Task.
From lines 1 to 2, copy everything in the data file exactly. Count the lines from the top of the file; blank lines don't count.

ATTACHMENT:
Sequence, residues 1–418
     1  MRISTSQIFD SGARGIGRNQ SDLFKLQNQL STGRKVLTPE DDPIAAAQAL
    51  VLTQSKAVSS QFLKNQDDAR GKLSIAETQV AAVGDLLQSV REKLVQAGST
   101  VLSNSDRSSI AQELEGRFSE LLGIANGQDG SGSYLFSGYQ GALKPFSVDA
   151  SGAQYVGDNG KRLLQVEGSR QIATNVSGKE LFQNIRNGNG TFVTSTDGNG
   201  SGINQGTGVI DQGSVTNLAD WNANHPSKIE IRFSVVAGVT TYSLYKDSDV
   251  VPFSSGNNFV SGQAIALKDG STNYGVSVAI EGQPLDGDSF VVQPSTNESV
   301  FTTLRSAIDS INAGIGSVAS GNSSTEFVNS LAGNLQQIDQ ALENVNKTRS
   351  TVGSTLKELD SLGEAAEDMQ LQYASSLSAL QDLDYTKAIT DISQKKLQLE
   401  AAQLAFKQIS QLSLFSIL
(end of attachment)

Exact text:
Sequence, residues 1–418
     1  MRISTSQIFD SGARGIGRNQ SDLFKLQNQL STGRKVLTPE DDPIAAAQAL